Over the past two weeks I have been conducting interviews for prospective Year 5 students for 2018. Whilst the young men are only in Year 3 at this point in time, it is an opportunity to listen to them and their parents’ thoughts about our College, and why they might want to join our community. One of the dangers in my role is that I can take things for granted, in that I become used to the great abilities of our staff or the facilities, opportunities and organisation offered by the College. The awe and innocence of the young men who I...
Over the past two weeks I have been conducting interviews for prospective Year 5 students for 2018. Whilst the young men are only in Year 3 at this point in time, it is an opportunity to listen to them and their parents’ thoughts about our College, and why they might want to join our community. One of the dangers in my role is that I can take things for granted, in that I become used to the great abilities of our staff or the facilities, opportunities and organisation offered by the College. The awe and innocence of the young men who I interview, and the questions and statements from their parents, are always very humbling experiences.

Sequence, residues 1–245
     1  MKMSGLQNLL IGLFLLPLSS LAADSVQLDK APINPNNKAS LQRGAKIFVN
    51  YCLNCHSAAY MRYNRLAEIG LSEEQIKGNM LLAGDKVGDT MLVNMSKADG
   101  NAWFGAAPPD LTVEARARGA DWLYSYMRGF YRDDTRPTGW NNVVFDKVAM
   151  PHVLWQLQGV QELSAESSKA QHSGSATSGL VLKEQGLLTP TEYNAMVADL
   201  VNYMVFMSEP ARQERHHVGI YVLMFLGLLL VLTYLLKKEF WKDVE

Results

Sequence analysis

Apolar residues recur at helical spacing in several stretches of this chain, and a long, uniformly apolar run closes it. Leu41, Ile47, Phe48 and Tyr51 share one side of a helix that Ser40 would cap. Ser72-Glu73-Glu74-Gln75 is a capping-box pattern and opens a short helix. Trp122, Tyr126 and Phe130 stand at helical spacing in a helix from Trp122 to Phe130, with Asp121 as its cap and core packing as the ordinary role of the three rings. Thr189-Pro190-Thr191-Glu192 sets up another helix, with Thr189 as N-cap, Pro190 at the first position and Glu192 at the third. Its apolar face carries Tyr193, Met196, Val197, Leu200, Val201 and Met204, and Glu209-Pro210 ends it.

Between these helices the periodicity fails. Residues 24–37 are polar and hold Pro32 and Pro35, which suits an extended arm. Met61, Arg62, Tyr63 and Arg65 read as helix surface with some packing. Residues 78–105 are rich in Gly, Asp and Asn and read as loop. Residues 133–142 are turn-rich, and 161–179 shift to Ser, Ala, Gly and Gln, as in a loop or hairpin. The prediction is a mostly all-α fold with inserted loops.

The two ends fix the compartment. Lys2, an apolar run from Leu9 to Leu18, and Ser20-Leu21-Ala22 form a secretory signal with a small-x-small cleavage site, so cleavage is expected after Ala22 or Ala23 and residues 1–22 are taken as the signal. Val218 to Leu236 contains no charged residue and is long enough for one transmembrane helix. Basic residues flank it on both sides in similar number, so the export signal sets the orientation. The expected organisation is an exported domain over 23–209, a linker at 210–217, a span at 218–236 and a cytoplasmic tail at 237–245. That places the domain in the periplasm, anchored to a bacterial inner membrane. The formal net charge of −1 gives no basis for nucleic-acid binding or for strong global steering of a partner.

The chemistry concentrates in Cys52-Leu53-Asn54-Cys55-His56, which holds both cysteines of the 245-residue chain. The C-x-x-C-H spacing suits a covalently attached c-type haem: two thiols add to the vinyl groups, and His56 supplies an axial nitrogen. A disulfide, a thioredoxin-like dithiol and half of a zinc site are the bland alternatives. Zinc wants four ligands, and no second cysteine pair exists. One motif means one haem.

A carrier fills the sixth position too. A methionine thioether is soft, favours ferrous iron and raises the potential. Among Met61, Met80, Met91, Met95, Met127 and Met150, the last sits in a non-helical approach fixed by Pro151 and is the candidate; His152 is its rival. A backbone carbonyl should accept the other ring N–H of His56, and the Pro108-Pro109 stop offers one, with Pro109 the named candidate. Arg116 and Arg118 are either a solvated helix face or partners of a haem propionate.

One thing that should never be taken for granted is that our College is a Catholic school. Often Catholic schools are referred to (mistakenly) as private schools. This connotation comes from the notion that any school that is not a part of the state school education system, EQ Schools, are considered to be private. In Queensland, there are three education sectors; State, Catholic and Independent. Within Catholic education there is also a further distinction between the schools. Those that are run by the Catholic Education systems throughout the state (such as the Brisbane Catholic Education Office) are referred to as “systemic” schools and those, such as ours, that were foundered by a Religious Order and are still affiliated to an order, are known as Religious Institute (RI) Catholic schools. St Patrick’s was foundered by the Christian Brother’s and Edmund Rice Education (EREA) replaced the Brothers as our educational leaders.
It is most important to remember that we are known as a Catholic Schoolin the Edmund Rice Tradition. Our Edmund Rice Tradition is set out in the Charter for Catholic Schools in the Edmund Rice Tradition.
One thing that has been made very clear to me within the interviews is the great reputation that this College has developed over many years for its sense of community. Students (and their families) want to be a part of a community that respects the dignity of all of its members, and works hard to ensure that each member has the opportunity to be a part of a safe and supportive community. This is so significant to Catholic Schools because our communities are called to be communities that place Jesus Christ as our core and centre. In our EREA schools we do this by ensuring that the Gospel values of love, justice, compassion and peace are reflected in our practices and explicit in our teachings.